(written at five in the morning because some people are more important than sleep)
A few hours ago, Japanese gaming company Nintendo released the news that legendary game developer, and company CEO, Satoru Iwata, had passed away from bile duct cancer. He was 55 years old.
Obviously, this is a tragedy, but as with the deaths of all living creatures, there are multiple levels to this sadness. There is a clear personal tragedy, that a human being with friends and family members has died, and a cynic would point out the economic tragedy of all this that Nintendo shares have fallen 0.7% this morning as a result of this news according to this particularly macabre BBC footnote. But the most wide-ranging form of tragedy here is a cultural one: gaming culture has not only lost the visionary who lived, worked and died as a gamer before anything else, but the man who gave up half of his salary in atonement for his company’s poor recent sales record. In a very similar way to the death of Nelson Mandela apparently robbing the world of likeable, genuinely altruistic political figures, this tragedy has left the gaming community staring over the precipice of half-finished games padded with DLC to squeeze money from consumers, technology that is more invasive and obstructive than entertaining, and endless identical Assassin’s Creed sequels.
But to draw away from an emotive response to this death for a second, this event has placed the gaming community at a relatively new crossroads: namely that gaming culture has not existed in its current form for long enough for such passings to be expected, and there isn’t really an obvious response as a result. The art of writing, for instance, has existed for thousands of years, and modern literary criticism deals almost exclusively with the dead, seeing them as contributors towards historical-cultural periods, and is rather comfortable analysing writers as artists, as opposed to people; literary criticism is an exercise in looking backwards, and looking at the products of people’s lives. Yet gaming culture is not so historically advanced; this is a culture saturated with relentless innovation, from double-screened consoles to ones activated by voice. Gaming isn’t a thing to be reviewed from an armchair with a book in one hand an an In Our Time podcast gently playing in the background, it’s a thing to be lived, to experience now, and to contribute towards ourselves, rather than limit ourselves to looking back on the work of our ancestors.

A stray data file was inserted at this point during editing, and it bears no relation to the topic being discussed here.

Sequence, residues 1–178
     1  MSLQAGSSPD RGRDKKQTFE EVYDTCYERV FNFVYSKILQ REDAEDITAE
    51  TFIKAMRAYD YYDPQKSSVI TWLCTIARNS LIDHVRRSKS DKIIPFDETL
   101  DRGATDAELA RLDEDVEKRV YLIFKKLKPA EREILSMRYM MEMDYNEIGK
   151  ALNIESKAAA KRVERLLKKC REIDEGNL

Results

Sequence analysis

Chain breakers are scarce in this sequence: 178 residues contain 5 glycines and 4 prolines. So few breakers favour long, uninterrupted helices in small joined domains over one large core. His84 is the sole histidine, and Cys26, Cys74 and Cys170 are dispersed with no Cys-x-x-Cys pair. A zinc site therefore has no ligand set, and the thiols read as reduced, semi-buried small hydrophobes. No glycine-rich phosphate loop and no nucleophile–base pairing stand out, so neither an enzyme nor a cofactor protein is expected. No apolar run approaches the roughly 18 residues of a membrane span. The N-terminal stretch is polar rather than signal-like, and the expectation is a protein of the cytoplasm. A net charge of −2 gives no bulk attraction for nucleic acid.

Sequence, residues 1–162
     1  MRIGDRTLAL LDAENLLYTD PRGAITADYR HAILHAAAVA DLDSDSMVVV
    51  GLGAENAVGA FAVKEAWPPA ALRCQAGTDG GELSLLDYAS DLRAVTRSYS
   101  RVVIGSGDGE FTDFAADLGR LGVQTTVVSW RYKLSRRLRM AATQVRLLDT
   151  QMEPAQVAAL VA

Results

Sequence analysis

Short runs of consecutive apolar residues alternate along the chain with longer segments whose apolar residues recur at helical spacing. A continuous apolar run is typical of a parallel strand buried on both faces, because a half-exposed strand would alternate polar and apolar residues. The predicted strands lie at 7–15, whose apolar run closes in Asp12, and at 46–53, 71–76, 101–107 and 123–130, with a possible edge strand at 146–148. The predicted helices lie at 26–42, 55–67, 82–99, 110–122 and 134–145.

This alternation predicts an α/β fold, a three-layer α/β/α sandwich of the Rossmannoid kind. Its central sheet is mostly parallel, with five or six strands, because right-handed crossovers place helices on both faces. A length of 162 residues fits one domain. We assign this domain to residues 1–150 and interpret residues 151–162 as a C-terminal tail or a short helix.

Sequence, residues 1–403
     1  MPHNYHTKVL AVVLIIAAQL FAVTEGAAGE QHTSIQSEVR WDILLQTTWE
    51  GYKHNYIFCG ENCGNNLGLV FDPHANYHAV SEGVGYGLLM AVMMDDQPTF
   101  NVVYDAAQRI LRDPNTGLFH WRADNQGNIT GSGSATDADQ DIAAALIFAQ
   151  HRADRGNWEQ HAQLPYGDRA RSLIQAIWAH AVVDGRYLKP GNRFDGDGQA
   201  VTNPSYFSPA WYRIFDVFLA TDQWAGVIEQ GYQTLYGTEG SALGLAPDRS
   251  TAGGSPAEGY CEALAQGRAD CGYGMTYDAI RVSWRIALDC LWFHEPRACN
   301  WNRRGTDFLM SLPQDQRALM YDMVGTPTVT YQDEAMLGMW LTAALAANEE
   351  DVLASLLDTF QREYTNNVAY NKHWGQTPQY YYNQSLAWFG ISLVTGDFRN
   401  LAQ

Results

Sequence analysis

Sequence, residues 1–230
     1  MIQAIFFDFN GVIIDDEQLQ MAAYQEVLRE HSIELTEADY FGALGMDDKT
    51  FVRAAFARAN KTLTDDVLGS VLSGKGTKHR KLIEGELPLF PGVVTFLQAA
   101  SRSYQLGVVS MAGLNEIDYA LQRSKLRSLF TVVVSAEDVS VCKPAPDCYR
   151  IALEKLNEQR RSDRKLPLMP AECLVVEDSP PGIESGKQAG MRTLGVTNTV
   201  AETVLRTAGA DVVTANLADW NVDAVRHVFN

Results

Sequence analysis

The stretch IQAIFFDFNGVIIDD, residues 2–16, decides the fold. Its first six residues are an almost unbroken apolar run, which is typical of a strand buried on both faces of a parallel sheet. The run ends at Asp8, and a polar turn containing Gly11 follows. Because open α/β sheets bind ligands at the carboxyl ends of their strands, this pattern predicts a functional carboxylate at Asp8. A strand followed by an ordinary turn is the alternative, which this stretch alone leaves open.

Yet Iwata’s death will undoubtedly lead to a lot of back-looking from the gaming community; media outlets will release an obituary in their gaming sections as opposed to rumours of a new Nintendo handheld, gamers will chat nostalgically about the exploits of this great man, instead of speculating on the new Smash Bros. DLC characters. Already the hashtags #RIPIwata and #ThankYouIwata are filling up Twitter feeds.
For the first time in its short existence, gaming culture has come to the definitive end of an era. Other prominent figures have died in the past, and prominent consoles and series have risen and fallen, but there has never been a single event in the gaming world to stun the entire culture to its core. And now, the most futureproof, forward-looking cultural movement on the planet has had to slam its brakes and check the rear-view mirror. And it’s seeing sadness. Lots of nostalgia. A bit of anger at the brutality of mortality and the fragility of humanity. But there’s a lot of shock, a stunned, near-denial of the fact that the man who presided over platformers built on the basis of infinite lives won’t live forever himself.
This is a turning point, not just for Nintendo but for all of gaming culture, as we move towards an existence as a storied, established form of art as opposed to the new kids on the block with our fast blue hedgehogs and turtle-crushing plumbers. And it’s appropriate that this turnaround comes from the man who, despite his own modesty, became more than a gamer; he was a legend and a figurehead for a hobby that became a movement that became a culture.
Thank you, Iwata.